- Class and Level
- A method of chargen and character definition in which characters are primarily defined as members of specific pre-defined professions or archetypes, their “class”, and their degree of advancement along a predetermined course of improvement determined by that profession, their “level”. Class and Level was used in the original RPG, Dungeons & Dragons, and thus was a standard aspect of RPG design for years before other methods were attempted.
- Cleric problem
- In D&D, a problem encountred during character generation where no-one wants to play a Cleric, but the Cleric is a crucially important role for the survivability and success of the party. This is because, while a Cleric usually plays a very important support role in an adventuring group, dispensing crucial healing and buffs, he is otherwise somewhat limited in his combat powers and abilities. More generally, the Cleric problem can be extended to any role or power which is important for the group but not particularly exciting for whichever player ends up having to take it on. The Cleric problem can be solved by providing these support roles with cool abilities of their own, or making their support natures less of a drain on their effectiveness other, more exciting spheres.
- Any book containing information fundamental to a particular game system. Typically any person wishing to purchase books for a particular RPG will need to buy the corebooks first in order to establish the context needed to make sense of the other books. For example, the Player's Handbook, Dungeon Master's Guide and Monster Manual are the corebooks for Dungeons & Dragons; the World of Darkness book and the Vampire book are the corebooks for Vampire: The Requiem.
- Common abbreviation for Character Point, the most common term used to describe the 'points' used in games where the character creation system is freeform based on character points.
- Short for Cyberpunk.
- In Dungeons & Dragons, copper pieces, the setting equivalent of pennies.
- A rare dice result indicating that an action has been spectacularly successful. Typically a critical will grant an additional bonus beyond simple success, or represent a major success, or indicate success no matter how difficult the task was.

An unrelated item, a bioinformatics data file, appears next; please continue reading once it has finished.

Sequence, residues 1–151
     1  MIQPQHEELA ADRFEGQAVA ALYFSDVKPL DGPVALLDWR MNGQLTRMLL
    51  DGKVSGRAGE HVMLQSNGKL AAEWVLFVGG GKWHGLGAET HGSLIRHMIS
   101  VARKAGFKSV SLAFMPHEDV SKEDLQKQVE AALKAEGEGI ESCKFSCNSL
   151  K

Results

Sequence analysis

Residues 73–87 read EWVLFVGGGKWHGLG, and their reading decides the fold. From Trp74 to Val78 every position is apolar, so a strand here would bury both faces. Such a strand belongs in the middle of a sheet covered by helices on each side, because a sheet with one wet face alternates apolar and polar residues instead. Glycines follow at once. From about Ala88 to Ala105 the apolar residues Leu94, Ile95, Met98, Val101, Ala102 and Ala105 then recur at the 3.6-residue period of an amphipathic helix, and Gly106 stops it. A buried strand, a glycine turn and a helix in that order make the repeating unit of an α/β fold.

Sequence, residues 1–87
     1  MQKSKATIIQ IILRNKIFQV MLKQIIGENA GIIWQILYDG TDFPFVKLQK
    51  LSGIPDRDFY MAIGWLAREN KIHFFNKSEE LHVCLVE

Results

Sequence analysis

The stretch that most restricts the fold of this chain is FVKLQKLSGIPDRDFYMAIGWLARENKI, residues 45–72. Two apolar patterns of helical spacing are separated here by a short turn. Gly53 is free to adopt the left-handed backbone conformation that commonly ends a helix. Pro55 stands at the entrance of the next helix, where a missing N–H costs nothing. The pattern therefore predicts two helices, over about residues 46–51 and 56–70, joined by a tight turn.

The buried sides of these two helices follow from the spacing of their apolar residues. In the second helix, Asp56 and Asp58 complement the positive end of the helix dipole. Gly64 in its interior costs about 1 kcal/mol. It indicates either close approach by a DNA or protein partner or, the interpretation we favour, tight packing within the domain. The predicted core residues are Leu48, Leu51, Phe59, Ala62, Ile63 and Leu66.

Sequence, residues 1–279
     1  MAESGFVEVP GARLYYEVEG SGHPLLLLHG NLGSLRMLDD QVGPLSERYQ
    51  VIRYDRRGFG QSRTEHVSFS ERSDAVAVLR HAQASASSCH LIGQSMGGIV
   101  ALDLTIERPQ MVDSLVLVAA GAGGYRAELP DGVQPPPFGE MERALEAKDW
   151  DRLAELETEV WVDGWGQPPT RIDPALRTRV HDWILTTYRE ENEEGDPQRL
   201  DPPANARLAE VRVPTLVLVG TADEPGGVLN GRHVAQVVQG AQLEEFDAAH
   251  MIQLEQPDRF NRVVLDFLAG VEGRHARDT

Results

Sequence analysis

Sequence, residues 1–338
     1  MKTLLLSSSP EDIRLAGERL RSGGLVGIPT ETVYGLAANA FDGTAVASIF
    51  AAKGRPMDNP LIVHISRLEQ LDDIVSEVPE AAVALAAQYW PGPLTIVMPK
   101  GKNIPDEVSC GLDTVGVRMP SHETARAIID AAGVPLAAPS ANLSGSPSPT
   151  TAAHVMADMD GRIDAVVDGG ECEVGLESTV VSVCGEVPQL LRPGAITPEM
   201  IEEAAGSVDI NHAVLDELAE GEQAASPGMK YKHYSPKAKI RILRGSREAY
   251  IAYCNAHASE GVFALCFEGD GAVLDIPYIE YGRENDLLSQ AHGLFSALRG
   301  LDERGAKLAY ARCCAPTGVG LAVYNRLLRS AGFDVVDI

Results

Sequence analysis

- Origin: Originally critical hit, used in tactical combat systems to model the remote possibility of any single hit taking an enemy down if it happens to hit a critical area. This system was then adopted by RPG combat systems and then further applied to resolution of all tasks rather than just combat, creating the term critical success, normally abbreviated to just critical, sometimes to crit hit or just crit.
- Computer (or Console) Role Playing Game. A computer adventure game with storytelling aspects. Notably different from tabletop RPGs in that there tends to be minimal interactivity with the plot, even to the point where in some games (especially in console RPGs) the player has no control over the creation of even a single character. Some games, most notably Neverwinter Nights, have attempted to buck this trend, to varying degrees of success. Sometimes pronounced "crappage," a use some gamers claim is very appropriate.
- Slang term for the sections of a RPG's rulebook that deal with the actual rules, as opposed to Fluff (q.v.), which is everything else. Also called Crunchy bits.
- Slang for the relative complexity of a particular ruleset. A crunchy ruleset is more complex.
- "Crunchy" can also refer to a character who is very hard to hit, but with very low ability to resist damage. (Crunchy on the outside, but soft and chewy on the inside!)
- Custom dice
- Dice printed with symbols other than the traditional numbers. Used in certain games to simplify task resolution. For example, DC Universe uses dice printed with images of different DC characters; hero images indicate success and villain images indicate failure.